Computer-aided detection (CAD) and assessment of malignant lesions in the liver and lung using a novel PET/CT software tool: initial results.Rofo. 2010 Mar; 182(3):243-7.ROFO
To determine the feasibility of a PET/CT software tool (PET computer-aided detection: PET-CAD) for automated detection and assessment of pulmonary and hepatic lesions.
MATERIALS AND METHODS
20 consecutive patients with colorectal liver metastases and 20 consecutive patients suffering from non-small cell lung cancer (NSCLC) were examined with FDG-PET/CT. In a first step the maximum standardized uptake values (SUV (max)) of non-tumorous liver and lung tissues were determined manually. This value was used as a threshold value for software-based lesion detection. The number of lesions detected, their SUV (max), and their sizes in the x, y, and z-planes, as automatically provided by PET-CAD, were compared to visual lesion detection and manual measurements on CT.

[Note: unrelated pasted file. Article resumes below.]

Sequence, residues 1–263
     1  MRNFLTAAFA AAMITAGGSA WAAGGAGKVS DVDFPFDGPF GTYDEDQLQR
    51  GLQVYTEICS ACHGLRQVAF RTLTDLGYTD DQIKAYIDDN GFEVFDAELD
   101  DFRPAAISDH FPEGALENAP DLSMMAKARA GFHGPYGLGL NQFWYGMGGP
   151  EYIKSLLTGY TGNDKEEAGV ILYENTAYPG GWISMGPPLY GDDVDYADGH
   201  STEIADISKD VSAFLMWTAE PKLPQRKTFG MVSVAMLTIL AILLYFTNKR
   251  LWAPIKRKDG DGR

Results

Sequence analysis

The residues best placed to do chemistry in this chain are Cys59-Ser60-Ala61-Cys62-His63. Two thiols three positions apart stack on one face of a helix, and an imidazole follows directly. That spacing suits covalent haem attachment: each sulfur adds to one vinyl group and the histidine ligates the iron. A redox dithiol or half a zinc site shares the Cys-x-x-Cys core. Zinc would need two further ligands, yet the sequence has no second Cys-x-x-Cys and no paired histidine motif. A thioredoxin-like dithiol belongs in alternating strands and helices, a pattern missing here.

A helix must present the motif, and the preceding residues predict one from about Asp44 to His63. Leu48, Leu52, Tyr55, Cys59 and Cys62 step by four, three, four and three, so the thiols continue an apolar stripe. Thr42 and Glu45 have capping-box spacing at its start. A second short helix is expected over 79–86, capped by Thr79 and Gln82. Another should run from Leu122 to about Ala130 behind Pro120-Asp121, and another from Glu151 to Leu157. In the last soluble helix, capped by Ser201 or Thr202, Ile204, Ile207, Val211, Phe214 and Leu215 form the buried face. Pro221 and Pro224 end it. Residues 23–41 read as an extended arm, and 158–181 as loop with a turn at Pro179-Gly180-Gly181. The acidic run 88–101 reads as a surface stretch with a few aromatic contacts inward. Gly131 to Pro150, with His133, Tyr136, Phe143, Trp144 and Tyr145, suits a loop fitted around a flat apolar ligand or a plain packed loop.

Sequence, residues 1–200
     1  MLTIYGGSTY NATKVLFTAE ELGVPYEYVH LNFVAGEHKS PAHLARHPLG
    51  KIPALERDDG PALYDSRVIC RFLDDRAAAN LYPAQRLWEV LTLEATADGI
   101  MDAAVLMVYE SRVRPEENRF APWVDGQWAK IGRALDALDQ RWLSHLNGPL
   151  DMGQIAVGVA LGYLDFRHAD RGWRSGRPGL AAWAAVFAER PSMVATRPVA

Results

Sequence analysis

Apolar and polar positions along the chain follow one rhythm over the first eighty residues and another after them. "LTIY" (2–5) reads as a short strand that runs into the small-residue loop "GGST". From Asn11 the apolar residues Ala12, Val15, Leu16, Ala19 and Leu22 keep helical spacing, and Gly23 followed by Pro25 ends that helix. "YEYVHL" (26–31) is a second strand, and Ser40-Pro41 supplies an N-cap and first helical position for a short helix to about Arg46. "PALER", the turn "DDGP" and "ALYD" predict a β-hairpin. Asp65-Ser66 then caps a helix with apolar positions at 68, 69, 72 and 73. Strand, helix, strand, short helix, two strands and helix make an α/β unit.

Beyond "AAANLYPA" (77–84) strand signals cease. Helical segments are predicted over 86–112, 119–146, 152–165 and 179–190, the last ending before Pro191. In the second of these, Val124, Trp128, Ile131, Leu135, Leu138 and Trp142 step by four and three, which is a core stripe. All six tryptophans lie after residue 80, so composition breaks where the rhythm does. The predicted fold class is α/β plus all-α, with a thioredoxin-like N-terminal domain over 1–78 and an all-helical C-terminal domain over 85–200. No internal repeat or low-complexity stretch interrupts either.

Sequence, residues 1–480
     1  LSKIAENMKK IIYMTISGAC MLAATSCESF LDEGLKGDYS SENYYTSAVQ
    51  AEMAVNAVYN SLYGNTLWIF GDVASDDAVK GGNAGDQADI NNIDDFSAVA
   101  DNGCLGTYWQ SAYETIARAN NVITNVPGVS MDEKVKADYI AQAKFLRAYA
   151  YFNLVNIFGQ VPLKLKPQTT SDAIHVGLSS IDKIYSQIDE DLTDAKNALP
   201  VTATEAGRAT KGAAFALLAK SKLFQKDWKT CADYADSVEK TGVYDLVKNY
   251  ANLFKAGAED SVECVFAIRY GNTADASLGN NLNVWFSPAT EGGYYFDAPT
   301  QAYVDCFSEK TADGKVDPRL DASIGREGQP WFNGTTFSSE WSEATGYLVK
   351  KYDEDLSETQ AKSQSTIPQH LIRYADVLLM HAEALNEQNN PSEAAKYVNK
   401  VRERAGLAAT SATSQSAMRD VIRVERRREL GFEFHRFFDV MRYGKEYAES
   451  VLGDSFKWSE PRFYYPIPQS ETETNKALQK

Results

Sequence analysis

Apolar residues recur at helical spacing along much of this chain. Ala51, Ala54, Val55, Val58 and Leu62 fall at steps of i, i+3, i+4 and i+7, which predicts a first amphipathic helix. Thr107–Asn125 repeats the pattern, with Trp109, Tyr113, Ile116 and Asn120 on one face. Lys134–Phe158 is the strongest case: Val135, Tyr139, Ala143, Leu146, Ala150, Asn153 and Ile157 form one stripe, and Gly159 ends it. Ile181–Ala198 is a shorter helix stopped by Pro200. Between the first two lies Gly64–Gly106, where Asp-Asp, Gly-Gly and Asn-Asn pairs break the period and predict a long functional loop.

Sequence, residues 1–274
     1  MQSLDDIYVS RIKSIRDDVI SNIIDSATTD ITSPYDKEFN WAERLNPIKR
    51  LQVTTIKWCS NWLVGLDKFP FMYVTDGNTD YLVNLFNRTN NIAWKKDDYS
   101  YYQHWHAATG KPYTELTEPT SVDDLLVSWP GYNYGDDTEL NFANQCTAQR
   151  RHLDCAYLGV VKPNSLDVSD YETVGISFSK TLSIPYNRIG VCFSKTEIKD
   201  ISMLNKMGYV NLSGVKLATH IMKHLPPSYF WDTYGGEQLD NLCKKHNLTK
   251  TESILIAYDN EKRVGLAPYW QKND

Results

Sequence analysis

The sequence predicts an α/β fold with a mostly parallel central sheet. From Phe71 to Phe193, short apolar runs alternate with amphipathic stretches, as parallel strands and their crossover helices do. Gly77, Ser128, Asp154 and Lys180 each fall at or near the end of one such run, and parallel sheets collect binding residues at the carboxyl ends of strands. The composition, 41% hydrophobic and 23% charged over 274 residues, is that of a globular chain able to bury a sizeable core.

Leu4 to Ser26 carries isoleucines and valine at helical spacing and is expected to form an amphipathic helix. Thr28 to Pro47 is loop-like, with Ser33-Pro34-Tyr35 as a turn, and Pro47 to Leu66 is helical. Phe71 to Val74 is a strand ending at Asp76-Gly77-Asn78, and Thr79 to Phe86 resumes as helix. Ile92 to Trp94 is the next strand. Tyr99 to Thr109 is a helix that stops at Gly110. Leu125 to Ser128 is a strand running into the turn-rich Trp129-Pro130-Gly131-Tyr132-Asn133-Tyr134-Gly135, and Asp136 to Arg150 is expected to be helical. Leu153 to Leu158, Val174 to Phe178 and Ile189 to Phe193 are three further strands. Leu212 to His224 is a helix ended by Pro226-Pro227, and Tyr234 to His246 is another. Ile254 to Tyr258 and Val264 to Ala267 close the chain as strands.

The sensitivity for automated detection was 96 % (86 - 99 %) for colorectal liver metastases and 90 % (70 - 99 %) for lung lesions. The positive predictive value was 80 % for liver and 68 % for lung lesions. The mean SUV (max) of all lung lesions was 9.3 and 8.8 for the liver lesions. When assessed by PET-CAD, the mean lesion sizes for liver lesions in the x, y, and z-planes were 4.3 cm, 4.6 cm, and 4.2 cm compared to 3.5 cm, 3.8 cm, and 3.6 cm for manual measurements. The mean lesion sizes of lung lesions were 7.4 cm, 7.7 cm, and 8.4 cm in the x, y, and z-planes when assessed by PET-CAD compared to 5.8 cm, 6.1 cm, and 7.1 cm when measured manually. Using manual assessment, the lesion sizes were significantly smaller in all planes (p < 0.005).
Software tools for automated lesion detection and assessment are expected to improve the clinical PET/CT workflow. Before implementation in the clinical routine, further improvements to the measurement accuracy are required.